I took the A1 from Launceston to Hobart, which was about 185 km. A1 in Tasmania stretches from Burnie and Devonport to Hobart. I decided to cover the Burnie-Devonport-Launceston bit tomorrow while returning from Hobart. The beautiful road that meanders through Tasman highlands can be covered in less than 150 mts. I could barely stop in a couple of places to take in the beauty of the naturally manicured countryside spiked with water bodies that gave off a unique cobalt blue colour. It was interesting to note small hamlets along the way named Bagdad and Mangalore! When I reached The Waratah Hotel, in the centre of the picture postcard perfect city, the accommodation was confirmed and so was the car park. However, I was told, the room would be ready only by 3 pm. A walk to Salamanca Market was suggested by the young man attending to me. Instead, I decided to drive to Port Arthur, which was recommended by Rajan at the St Paul’s Cathedral in Melbourne.

The Tasman Bridge is an awesome sight as one leaves Hobart CBD for Port Arthur.  The five lane bridge is part of the Tasman highway and spans 1.4 km in length. I felt extremely sleepy all along the drive to Port Arthur. After paying the AUD 39 entrance fee I was told that I would be taking the boat tour at 2.20 pm and walking tour at 3.30 pm., which would last nearly an hour. That would be late for me. So I decided to skip the walking tour and return after the boat ride. Before that I had the famous Fish & Chips of Tasmania. The portion of chips was so large that I barely managed to finish the three large pieces of fish.

At the ticket counter one is given a playing card. The card identifies you as one of the prisoners of the erstwhile convict settlement. I had drawn 5 of Diamonds and in the Museum that card belonged to James Jones, who had been convicted of thieving a loaf of bread! A tour of the museum showcased the use of convict settlements by erstwhile colonial powers and the use of convict labor for building infrastructure. The Port Arthur settlement was active for over two centuries and even now 11 well preserved sites are testimony to its development into a township over the years. I missed the scheduled boat ride as I got a bit engrossed in the museum. However, I took the 3 pm ride with a witty commentator at it non-stop. Port Arthur, sadly, was also the scene of a ghastly crime – a lone shooter took the lives of 35 people and injured many more in 1996. While the perpetrator had been jailed for many lives – capital punishment is not one of the options in this country – the shooting sparked a nationwide debate on gun control. As an aftermath of the debate a ban was imposed on carrying guns. And, to this day, the country has not witnessed any such incident, big or small. That’s an example of great governance. Personal liberties are alright to the extent that they do not harm or can cause harm to another human. What we see in the USA is crass, an example of how big money rules over humanism.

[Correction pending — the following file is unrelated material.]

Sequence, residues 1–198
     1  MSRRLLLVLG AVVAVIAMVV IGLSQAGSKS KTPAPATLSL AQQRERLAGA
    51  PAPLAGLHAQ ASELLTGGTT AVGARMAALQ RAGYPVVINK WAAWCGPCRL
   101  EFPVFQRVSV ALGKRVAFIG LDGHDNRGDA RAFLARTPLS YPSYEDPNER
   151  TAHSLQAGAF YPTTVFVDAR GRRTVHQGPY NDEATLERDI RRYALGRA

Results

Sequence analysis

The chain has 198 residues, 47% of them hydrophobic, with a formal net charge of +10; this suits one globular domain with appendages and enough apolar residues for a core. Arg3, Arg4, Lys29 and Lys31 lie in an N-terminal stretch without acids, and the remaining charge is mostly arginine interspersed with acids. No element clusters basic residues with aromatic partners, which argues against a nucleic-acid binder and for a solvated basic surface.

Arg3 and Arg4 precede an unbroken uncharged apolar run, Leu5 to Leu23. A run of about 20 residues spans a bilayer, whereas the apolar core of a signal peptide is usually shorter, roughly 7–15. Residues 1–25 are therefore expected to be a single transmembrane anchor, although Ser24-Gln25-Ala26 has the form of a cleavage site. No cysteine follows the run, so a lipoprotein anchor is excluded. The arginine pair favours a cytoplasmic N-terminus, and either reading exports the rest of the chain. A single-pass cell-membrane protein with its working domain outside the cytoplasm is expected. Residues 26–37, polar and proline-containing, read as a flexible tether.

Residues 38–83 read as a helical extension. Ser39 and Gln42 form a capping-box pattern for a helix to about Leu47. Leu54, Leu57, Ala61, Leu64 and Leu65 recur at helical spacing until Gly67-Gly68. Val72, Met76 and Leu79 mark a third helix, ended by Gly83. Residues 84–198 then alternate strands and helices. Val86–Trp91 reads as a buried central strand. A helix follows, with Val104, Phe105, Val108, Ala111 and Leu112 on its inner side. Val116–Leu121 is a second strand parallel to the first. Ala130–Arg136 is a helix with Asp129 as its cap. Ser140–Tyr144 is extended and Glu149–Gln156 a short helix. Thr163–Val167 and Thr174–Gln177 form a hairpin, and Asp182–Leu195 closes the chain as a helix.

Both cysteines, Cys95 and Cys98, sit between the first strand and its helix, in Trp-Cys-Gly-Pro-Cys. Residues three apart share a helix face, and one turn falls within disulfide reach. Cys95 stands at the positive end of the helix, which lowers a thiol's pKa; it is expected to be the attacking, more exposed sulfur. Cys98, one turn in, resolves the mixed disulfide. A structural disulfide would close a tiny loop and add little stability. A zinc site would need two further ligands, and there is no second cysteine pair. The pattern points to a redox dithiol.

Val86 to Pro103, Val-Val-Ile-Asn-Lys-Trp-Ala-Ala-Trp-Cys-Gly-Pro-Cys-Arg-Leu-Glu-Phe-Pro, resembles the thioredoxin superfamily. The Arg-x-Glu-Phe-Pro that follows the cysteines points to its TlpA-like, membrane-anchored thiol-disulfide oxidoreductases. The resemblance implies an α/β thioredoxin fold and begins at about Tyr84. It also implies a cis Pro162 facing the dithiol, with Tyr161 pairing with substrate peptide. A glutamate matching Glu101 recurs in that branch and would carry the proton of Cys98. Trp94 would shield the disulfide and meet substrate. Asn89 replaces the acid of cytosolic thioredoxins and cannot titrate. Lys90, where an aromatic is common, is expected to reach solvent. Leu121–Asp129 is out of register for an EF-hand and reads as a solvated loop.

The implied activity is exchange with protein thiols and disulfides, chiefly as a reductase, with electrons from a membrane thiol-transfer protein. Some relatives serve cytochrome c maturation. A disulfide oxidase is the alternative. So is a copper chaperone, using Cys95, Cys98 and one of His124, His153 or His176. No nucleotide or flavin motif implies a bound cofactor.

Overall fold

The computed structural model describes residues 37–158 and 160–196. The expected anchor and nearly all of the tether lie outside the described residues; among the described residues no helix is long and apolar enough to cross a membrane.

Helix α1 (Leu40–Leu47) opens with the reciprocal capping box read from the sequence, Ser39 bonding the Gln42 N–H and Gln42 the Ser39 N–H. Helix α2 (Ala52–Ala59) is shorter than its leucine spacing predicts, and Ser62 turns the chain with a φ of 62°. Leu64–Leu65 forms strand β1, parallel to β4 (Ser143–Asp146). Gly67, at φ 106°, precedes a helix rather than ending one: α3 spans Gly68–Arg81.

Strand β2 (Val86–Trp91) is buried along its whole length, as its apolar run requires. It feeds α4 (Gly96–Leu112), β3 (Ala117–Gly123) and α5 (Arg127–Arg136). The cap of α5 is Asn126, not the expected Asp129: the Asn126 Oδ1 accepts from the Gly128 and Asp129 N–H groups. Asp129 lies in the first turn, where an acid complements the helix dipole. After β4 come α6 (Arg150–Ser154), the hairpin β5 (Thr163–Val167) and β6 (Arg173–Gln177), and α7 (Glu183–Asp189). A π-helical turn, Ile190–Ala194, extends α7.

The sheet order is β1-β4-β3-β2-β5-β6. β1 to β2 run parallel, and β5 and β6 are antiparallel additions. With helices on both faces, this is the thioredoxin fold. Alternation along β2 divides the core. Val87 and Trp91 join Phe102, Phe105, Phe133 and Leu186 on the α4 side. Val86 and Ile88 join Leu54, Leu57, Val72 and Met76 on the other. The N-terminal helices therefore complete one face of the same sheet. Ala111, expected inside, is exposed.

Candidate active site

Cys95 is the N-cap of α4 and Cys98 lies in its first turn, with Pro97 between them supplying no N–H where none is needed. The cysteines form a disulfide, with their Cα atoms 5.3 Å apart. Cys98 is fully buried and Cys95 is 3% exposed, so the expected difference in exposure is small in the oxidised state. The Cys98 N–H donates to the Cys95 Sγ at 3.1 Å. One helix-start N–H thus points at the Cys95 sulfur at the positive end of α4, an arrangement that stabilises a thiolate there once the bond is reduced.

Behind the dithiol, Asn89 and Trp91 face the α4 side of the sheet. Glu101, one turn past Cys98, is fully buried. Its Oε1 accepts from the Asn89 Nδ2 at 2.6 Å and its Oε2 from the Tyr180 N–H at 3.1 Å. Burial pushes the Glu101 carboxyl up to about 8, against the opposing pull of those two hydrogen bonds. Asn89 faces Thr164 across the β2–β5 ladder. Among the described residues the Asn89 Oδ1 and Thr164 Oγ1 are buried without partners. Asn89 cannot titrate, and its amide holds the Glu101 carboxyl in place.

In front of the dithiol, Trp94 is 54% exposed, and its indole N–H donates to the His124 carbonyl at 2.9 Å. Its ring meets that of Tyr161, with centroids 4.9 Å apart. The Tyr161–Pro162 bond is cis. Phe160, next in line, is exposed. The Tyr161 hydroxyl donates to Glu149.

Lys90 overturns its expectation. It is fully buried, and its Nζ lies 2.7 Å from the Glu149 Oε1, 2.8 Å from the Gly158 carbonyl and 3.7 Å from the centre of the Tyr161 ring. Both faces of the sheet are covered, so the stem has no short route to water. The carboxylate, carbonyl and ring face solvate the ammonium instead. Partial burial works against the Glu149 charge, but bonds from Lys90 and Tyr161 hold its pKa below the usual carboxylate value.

On the way back from Port Arthur I stopped halfway through and napped. The next stop was near the Tasman Bridge. To take a few pictures of the magnificent structure that was refurbished after an accident I took liberties with parking regulations. I do not know if a traffic violation ticket will follow! In Hobart, after parking the car and securing luggage in the appointed room I went for a walk to the Salamanca market and the piers of Hobart. The city seemed to have gone to sleep. Most shops close by 5 pm. however, all action was at the pier-side. There are numerous cafes, pubs and eating joints all along. One of the large rooms in the Elizabeth pier was playing host to a massive celebration of some kind with young girls of all shapes and sizes dolled up to impress and have fun.  Asian food seemed very popular with a couple of restaurants serving that fare almost full. I walked into a pub cum restaurant called Fish Frenzy. James Boags Draught is a local Tasman beer; good stuff. I got through it doing a portion of the blog. I did not have stomach for a meal after the fish and chips in Port Arthur. I spied an icebox full of local ice-cream. I asked one of the girls for the local favourite and she asked me to try the boysenberry cone. The boysenberry is a cross of four berries, two from Europe (raspberry and blackberry). The berry derives its name from Rudolph Boysen, who is credited with development of the plant. One of the ladies seated at the next table, possibly noticing the relish with which I was consuming the ice-cream, asked me if she should order one. I told her that she would not be disappointed!

The streets were deserted and the air was a bit nippy. The leisurely walk was invigorating too. The hostel room had en suite facilities. The rest of the room members were not in sight when I climbed to the top bunk of one of the two sets in the room and instantly slept.